Can a GIF change the way we think about global warming?

Head of UN’s IPCC climate science panel promises radical new approach to climate comms as simple warming graphic takes twitter by storm

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It’s the GIF that keeps giving.

A day after tweeting his representation of global temperatures from 1850 to 2016, climate scientist Ed Hawkins has gone viral.

Like an avalanche gathering pace, Hawkins’ graphic threatens to blow its own boundaries before it stops in March this year, pixels away from a line marking 1.5C warming.

That’s the line you’ll recall was agreed as a new aspirational warming ceiling by 195 countries at the Paris climate talks last December – and one that looks certain to be breached.

Mesmeric yet terrifying, given its implications, the GIF will continue to make waves on the internet for a while yet. But will it change policy?

That’s a question Hoesung Lee, head of the UN’s Intergovernmental Panel on Climate Change, the world’s leading authority on climate change, is grappling with.

Speaking on the sidelines of a sustainable development conference in Paris hosted by French think tank IDDRI, he tells Climate Home digitally smart communication is a priority.

“It’s very important… we have been somewhat criticised in that our reports are not that easy… and therefore we’re going to do a substantial improvement in our reports,” he says.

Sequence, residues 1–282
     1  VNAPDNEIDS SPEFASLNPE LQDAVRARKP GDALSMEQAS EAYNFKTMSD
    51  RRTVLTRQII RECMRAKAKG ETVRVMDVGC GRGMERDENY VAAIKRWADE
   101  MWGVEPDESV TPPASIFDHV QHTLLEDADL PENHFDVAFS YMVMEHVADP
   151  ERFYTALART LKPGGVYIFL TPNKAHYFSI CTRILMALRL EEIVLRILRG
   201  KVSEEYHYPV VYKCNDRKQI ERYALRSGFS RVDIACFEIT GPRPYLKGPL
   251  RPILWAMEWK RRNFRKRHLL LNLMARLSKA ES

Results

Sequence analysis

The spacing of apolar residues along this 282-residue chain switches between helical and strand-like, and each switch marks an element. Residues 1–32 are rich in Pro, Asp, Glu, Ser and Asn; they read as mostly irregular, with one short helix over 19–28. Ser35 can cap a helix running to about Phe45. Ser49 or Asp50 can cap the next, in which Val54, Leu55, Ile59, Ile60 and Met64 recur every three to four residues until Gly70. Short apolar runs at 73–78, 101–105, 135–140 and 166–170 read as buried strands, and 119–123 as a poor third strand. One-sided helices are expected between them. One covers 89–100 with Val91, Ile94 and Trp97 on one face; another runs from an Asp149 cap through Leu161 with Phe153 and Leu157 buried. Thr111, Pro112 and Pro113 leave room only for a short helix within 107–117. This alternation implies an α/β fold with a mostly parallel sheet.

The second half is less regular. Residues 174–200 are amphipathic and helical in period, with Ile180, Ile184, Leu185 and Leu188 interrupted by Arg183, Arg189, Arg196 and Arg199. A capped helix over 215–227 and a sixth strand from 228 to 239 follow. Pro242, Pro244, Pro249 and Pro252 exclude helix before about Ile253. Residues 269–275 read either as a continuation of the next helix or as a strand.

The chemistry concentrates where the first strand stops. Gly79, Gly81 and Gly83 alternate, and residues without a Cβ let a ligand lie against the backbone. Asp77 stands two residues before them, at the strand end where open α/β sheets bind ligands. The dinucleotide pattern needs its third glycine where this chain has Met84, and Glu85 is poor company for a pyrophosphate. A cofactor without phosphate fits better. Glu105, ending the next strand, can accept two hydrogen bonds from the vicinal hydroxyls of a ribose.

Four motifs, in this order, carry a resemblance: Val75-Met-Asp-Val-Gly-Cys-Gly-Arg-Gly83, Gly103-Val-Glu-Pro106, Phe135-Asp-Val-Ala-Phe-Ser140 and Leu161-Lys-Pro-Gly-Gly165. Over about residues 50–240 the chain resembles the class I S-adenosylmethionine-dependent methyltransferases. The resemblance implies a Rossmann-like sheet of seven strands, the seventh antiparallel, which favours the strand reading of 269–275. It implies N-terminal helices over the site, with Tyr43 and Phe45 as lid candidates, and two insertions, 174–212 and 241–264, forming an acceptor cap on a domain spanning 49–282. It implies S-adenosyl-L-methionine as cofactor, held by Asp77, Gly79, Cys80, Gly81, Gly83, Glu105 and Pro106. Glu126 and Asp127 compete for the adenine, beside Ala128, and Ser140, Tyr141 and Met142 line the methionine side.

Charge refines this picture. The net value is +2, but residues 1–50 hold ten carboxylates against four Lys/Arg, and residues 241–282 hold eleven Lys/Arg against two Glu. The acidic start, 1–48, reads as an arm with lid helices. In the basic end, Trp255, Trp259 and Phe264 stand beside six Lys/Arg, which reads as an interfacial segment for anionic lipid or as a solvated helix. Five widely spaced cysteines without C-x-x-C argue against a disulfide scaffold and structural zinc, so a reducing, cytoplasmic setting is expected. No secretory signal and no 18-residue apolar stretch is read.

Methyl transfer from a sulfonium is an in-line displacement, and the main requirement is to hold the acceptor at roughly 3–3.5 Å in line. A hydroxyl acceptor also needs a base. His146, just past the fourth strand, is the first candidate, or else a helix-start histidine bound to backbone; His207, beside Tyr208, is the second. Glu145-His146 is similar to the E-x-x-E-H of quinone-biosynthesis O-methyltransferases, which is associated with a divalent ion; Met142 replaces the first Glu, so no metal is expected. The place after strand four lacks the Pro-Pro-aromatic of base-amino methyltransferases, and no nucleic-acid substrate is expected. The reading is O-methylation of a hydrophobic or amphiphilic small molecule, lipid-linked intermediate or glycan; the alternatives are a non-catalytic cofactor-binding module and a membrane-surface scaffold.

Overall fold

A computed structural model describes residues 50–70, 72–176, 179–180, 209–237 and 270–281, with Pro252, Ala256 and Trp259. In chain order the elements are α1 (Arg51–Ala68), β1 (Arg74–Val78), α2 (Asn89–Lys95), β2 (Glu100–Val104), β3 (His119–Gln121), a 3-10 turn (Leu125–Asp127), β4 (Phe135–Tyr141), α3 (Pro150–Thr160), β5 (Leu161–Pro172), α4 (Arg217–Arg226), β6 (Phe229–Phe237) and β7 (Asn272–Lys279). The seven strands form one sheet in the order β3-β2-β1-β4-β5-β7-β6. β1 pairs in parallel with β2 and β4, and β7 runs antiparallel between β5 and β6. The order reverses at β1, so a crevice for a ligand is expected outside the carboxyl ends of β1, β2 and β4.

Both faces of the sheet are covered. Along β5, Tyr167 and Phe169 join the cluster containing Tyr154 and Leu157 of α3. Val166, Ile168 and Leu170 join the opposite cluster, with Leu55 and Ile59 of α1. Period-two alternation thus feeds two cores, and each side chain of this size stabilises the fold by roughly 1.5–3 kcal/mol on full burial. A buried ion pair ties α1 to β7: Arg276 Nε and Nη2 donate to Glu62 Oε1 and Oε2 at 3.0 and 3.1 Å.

Climate torture: UN’s IPCC science panel must deliver clearer message

Communication consultants are coming on board, says Lee, as the IPCC seeks to spread its message beyond the science community and small band of journalists covering the environment.

He seems interested in Hawkins’ work, but appears unmoved as I describe the flickering temperature records on the GIF as they near 1.5C.

This is, after all, what the IPCC has been banging on about for the past decade.

“The IPCC has been showing throughout the fourth and fifth assessment cycles that climate change is occurring right now, affecting ecosystems and we need to take action very urgently,” he says.

Lee appears equally unsurprised when asked about reports that levels of atmospheric carbon dioxide emission are now likely to rise above 400 parts per million, already an historic high.

Australian scientists based in Cape Grim, Tasmania, believe their CO2 readings are now so high they’re unlikely to drop below 400ppm as in previous years.

Those readings, together with reports of the prospect of a record Arctic sea ice low from the US National Snow and Ice Data Center illustrate the impacts already underway.

For Lee, the challenge is to broaden the IPCC’s appeal while not overly simplifying the message, difficult given the vast array of variables climate scientists play with.

While funky GIFs and graphics make a splash on social media, it’s the IPCC’s hard-nosed summaries that are frequently given more credence by governments.

In a time when the Earth seems to be undergoing a profound change, is this the time when the world’s top climate authority tries to address the general public, rather than ruling elites?

“In 8,000 years the earth has never experienced that high of atmospheric concentrations of CO2, so it is a serious matter for the entire global community including the guy on the street,” he says.

But, he adds: “The scientific message is a scientific message… we do not want to dumb down.”

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